The Chrysler Group was one of Stratosphere’s biggest clients, and she alleged that Chrysler’s liaison sexually harassed her. The court said the Workers’ Compensation Act barred the claim of battery, since the act is the exclusive remedy for accidental injuries transpiring in the workplace. “Injuries resulting from a coworker’s intentional tort are accidental from the employer’s perspective unless the employer commanded or expressly authorized the tort.”


Use of indefinite article in settlement agreement leads to award of benefits – Indiana

In Evansville Courier Company v. Mary Beth Uziekalla, an injured worker settled a workers’ compensation claim for a neck injury. The settlement agreement allowed a claim for change of condition, at which point she could seek a medical opinion from the independent medical examiner.

When she exercised the provision, the designated doctor declined to give a medical opinion, so the parties agreed on a neurosurgeon, who determined that the change in condition did not result from her work injury. However, the original neurosurgeon, who also examined her, came to the opposite conclusion. The appellate court rejected the argument that the board erred in admitting the second opinion since the use of the phrase “‘a’ procedure for resolving future change of condition claims,” does not mean the agreement established the only such procedure. Indeed, the use of the indefinite article contemplates the contrary.


Longshoreman can pursue both WC and LHWCA benefits – Minnesota

Unless states have laws on the books indicating otherwise, injured longshoremen may seek benefits under both workers’ comp and the federal Longshore and Harbor Workers’ Compensation Act. In Ansello v. Wisconsin Central Ltd., the state Supreme Court ruled that a workers’ compensation judge abused his discretion when he dismissed the case for lack of jurisdiction.

In a dual-jurisdiction case, benefits in both jurisdictions can be pursued, but can’t be collected at the same time. The Longshore Act is more generous than the state’s workers’ compensation and typically would be accessed for wage loss and any residual benefits not paid under the state’s system. The court noted there is no danger of double recovery under concurrent jurisdiction, since employer’s awards under one are credited against any recovery under the second.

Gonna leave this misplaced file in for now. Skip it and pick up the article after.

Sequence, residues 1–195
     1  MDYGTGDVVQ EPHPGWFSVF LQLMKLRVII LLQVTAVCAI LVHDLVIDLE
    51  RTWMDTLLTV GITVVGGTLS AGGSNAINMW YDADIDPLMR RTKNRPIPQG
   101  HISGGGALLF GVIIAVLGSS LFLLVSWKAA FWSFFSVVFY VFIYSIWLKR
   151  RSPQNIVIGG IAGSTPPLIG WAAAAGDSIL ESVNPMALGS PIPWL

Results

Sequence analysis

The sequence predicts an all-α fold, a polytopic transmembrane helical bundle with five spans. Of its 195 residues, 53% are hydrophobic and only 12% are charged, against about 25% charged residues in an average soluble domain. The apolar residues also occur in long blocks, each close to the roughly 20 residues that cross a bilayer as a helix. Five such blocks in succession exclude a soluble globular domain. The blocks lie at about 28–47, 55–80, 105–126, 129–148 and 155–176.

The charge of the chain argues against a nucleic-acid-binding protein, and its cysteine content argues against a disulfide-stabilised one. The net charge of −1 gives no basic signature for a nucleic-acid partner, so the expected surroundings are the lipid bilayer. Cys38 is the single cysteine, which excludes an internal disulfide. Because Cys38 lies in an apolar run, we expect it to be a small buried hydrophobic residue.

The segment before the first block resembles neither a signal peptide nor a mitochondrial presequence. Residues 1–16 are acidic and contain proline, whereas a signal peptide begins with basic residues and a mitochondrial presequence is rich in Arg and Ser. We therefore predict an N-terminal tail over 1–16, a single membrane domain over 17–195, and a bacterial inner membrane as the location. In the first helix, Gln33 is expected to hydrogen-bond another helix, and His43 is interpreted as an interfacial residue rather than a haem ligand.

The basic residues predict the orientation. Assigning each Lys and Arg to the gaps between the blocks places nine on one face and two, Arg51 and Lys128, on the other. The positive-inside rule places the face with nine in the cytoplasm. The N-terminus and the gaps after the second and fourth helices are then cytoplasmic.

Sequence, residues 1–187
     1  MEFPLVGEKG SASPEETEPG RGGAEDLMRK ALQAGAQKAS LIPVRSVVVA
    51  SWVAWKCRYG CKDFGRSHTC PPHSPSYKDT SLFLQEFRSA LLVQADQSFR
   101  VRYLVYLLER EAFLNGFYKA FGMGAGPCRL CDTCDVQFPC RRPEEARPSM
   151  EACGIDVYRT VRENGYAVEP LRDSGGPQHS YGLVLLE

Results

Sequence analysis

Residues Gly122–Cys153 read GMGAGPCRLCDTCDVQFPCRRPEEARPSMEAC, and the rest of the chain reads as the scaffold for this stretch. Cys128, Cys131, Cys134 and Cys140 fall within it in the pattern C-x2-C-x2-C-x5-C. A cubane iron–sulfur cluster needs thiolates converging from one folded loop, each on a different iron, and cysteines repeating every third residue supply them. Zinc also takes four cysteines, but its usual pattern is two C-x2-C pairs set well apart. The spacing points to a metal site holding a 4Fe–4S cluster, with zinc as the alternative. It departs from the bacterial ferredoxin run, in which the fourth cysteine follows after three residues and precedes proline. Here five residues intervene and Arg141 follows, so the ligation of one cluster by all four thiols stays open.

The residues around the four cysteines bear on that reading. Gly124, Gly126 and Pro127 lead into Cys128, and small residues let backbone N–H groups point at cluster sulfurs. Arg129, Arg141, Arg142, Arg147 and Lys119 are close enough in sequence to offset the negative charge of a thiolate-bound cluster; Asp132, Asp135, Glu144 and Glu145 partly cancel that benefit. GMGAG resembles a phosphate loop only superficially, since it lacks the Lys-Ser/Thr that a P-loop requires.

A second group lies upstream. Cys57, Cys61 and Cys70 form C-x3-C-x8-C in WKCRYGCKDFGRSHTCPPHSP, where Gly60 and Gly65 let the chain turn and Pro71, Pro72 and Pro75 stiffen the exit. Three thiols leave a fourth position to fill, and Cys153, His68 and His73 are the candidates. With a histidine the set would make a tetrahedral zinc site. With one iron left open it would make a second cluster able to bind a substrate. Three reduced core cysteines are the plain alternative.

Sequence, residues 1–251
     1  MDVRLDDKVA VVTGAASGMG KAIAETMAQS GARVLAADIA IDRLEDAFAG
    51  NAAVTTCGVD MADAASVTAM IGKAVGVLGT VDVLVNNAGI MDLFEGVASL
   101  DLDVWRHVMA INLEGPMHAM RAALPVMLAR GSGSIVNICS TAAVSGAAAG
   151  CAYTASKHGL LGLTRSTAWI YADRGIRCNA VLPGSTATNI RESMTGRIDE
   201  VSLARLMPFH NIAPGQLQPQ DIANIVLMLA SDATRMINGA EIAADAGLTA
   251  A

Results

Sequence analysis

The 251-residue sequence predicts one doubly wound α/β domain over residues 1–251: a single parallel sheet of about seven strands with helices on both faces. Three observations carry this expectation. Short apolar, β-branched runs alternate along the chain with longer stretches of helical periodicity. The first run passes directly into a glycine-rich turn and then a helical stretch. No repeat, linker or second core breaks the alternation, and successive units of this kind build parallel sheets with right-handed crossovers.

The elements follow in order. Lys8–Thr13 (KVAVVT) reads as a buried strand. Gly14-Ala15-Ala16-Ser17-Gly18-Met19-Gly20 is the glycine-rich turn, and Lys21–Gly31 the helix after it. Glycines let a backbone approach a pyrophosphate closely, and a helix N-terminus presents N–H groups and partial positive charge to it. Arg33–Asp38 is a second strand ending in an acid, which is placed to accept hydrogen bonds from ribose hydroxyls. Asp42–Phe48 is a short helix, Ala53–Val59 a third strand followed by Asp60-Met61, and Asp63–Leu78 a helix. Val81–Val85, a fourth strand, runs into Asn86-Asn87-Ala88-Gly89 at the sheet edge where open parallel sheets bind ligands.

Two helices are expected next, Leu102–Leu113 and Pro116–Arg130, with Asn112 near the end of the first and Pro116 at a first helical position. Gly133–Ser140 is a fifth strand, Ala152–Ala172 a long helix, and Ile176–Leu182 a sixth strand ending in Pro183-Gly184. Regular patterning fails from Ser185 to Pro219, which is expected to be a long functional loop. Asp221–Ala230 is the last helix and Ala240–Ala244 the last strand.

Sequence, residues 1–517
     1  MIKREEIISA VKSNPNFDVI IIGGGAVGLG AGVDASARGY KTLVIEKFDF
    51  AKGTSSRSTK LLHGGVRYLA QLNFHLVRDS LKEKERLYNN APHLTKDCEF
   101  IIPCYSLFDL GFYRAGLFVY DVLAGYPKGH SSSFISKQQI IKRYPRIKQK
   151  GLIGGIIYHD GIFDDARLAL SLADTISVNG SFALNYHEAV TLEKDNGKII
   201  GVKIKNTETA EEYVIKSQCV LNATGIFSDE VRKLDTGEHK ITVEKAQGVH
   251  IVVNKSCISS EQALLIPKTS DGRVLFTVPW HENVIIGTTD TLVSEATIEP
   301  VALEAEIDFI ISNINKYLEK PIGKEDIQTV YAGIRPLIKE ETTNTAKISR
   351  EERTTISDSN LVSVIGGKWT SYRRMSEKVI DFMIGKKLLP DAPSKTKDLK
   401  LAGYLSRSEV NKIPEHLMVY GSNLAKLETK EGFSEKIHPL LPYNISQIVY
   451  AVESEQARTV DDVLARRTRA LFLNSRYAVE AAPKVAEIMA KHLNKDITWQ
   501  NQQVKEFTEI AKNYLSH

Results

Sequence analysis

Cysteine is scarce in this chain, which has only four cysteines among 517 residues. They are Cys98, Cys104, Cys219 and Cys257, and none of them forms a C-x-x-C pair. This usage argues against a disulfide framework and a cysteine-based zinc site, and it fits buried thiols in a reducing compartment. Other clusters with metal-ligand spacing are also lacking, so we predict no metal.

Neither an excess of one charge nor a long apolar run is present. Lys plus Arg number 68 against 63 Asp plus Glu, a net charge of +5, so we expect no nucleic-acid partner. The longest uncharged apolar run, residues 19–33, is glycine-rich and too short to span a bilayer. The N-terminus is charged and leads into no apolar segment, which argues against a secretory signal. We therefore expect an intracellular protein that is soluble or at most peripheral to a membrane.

Failure to administer drug and alcohol testing in timely manner to injured worker nixes denial of benefits – Mississippi

In McCall v. Sanderson Farms, an appellate court held that an injured worker should not have been denied workers’ compensation benefits because he failed to submit to a post-accident breathalyzer test. The injured worker waited for the breathalyzer technician to arrive at the employer’s premises for more than an hour and one-half following the incident, but pain forced him to leave and seek care at the hospital, where he passed a drug test but was not administered a blood alcohol test. According to the court, the employee had not denied the test.


Drug sentence insufficient to prove worker earned money from dealing drugs – New York

Under Work Comp. Law § 114-a, if a person makes a false statement or representation as to a material fact he or she shall be disqualified from receiving any compensation directly attributable to such false statement or representation. In Pompeo v. Auction Direct USA LP, an injured worker who went to prison on drug-dealing charges would have lost his chance to resume collecting wage-replacement benefits after his release if his employer could prove he hid the drug-sale proceeds. However, the Board was within its powers to find that the criminal convictions alone were insufficient to establish that income had been received from the drug sales.


Widow gets death benefits for unwitnessed fall – New York

In Silvestri v. New York City Transit Authority, an appellate court ruled that a worker’s widow was entitled to benefits for his death from injuries caused by an unwitnessed fall at work that was never reported to his employer. He left prior to the start of the second overtime shift and witnesses said he was holding his stomach when he left, and that he had said he wasn’t feeling well.

His maintenance duties sometimes required him to repair subway cars while they were suspended over a pit that was 4 to 5 feet deep with a concrete floor, through the use of a ladder and he told his wife he had fallen off a ladder into “the pit” at work earlier that day. When he was having difficulty breathing and walking, he went to the hospital and was diagnosed with fractured ribs, was given painkillers and sent home. Three days later he was diagnosed with a ruptured spleen, as well as a punctured lung, and died in the hospital a day later.